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Bush's Only Iraq Regret? His Paternity for ISIS

November 12, 2014

Just in time for Veteran's Day, former President George W. Bush is promoting a new book dedicated to his father's military service. As part of his PR swing, Bush explained that he has only one regret about his 2003 invasion of Iraq. Unsurprisingly, Dubya's sole lament is not for the enormous cost in American blood and treasure sacrificed in a needless war launched under false pretenses. In fact, 43 didn't even single out--as he did many times in the past--"using bad language like, you know, 'bring them on'" as the lone mistake of his presidency. No, President Bush's only regret now about his Iraq war is the rise of ISIS, a development which, he implicitly suggests, is the fault of his successor:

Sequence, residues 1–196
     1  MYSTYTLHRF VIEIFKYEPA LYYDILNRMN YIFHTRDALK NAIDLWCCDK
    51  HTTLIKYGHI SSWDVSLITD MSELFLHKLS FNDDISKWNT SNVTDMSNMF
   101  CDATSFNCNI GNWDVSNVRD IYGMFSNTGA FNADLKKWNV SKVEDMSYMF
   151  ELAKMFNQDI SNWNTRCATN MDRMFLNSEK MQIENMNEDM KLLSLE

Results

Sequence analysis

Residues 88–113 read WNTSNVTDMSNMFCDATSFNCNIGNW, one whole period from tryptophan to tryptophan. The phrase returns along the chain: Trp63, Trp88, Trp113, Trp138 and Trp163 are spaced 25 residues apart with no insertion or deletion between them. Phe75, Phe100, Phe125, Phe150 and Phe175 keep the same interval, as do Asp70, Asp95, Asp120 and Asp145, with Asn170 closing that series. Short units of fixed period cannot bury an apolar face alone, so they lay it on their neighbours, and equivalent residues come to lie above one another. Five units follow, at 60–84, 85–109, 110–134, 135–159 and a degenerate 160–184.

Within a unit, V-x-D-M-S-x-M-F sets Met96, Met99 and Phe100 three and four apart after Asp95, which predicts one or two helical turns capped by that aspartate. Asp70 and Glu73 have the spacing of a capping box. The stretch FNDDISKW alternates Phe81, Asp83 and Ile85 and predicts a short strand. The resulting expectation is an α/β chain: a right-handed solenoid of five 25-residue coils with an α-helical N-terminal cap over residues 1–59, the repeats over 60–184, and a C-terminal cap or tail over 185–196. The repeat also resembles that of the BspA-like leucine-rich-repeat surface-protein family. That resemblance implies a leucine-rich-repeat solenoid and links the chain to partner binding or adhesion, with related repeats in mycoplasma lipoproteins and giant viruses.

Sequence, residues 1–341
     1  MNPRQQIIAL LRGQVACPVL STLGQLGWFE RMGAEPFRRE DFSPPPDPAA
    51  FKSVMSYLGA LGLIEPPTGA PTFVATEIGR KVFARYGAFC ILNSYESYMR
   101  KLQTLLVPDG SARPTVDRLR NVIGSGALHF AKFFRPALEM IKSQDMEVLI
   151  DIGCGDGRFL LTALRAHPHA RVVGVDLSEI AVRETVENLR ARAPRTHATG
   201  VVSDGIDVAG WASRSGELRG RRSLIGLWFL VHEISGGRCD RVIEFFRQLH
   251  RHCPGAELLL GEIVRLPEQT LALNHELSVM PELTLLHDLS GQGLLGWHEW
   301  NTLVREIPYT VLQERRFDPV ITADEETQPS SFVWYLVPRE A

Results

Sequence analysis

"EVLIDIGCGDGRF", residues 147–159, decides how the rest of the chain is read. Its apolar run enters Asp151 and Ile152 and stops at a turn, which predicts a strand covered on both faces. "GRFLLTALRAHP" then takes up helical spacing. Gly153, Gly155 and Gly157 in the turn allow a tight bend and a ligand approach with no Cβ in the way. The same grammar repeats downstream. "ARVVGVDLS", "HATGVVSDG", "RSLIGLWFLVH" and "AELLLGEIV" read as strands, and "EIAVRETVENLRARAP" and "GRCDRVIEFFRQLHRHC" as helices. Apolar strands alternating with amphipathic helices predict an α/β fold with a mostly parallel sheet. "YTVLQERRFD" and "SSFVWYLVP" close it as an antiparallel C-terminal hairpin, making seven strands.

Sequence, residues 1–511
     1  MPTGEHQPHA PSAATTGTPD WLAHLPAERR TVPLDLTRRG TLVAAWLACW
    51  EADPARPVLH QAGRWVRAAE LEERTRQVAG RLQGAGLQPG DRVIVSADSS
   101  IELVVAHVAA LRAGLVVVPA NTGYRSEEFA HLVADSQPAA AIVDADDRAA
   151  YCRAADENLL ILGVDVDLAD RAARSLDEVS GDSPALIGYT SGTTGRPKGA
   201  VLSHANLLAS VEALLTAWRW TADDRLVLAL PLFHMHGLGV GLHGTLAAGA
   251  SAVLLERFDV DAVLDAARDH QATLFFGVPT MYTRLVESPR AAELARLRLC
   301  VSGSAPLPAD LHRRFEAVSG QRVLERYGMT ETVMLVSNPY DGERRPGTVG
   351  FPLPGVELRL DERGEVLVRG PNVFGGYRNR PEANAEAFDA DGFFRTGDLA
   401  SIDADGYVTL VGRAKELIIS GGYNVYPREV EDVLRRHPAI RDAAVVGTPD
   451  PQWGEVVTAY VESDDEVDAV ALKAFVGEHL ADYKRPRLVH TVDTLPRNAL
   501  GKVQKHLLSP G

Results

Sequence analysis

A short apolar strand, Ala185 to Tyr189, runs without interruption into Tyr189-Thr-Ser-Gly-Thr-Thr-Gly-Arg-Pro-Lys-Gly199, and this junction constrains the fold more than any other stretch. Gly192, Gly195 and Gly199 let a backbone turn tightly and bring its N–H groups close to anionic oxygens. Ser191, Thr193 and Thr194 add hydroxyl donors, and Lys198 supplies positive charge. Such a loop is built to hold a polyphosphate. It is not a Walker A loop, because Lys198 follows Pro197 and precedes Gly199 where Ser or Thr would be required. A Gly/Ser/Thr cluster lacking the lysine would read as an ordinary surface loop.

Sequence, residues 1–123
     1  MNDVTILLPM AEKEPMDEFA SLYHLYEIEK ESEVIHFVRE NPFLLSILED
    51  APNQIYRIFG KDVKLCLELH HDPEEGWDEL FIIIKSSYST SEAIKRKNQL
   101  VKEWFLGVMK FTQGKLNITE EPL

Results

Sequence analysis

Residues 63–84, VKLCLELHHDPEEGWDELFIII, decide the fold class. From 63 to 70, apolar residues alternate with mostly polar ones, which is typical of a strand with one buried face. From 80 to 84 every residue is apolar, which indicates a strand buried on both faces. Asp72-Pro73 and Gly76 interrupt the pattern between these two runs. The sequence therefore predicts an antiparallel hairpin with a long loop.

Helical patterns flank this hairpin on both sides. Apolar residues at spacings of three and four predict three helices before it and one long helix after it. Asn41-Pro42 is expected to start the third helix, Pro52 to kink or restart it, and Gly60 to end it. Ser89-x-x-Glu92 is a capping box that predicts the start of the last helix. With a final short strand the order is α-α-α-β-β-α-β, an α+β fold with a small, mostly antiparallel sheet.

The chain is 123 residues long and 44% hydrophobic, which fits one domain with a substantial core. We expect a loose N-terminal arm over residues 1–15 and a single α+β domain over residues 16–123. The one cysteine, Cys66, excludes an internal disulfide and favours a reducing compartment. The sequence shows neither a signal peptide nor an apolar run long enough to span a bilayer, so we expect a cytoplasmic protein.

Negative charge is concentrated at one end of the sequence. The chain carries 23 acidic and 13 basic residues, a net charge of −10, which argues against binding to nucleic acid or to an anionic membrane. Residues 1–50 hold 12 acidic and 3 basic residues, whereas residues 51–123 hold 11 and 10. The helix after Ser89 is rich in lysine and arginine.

"I think it was the right decision. My regret is that a violent group of people has risen up again. This is al Qaeda plus. I put in the book that they need to be defeated. And I hope they are. I hope the strategy works."

But if George W. Bush is looking for a scapegoat in the emergence of the Islamic State, he need only look in the mirror. You don't have to take my word for it that paternity for ISIS is his. President Bush told us so.

ISIS, or what Bush calls "Al Qaeda Plus," owes its stunning battlefield victories to a deadly alliance of Sunni tribesmen alienated by his man in Baghdad Nouri al-Maliki, some of Saddam's former officers who "should have surrendered or been done in" in 2003, and, of course, Al Qaeda fighters Bush himself admitted he attracted to Iraq.
President Bush couldn't agree more. After all, in his December 2008 interview with Martha Raddatz of ABC News he acknowledged that it was the American presence that drew Al Qaeda fighters to Iraq, and not the reverse: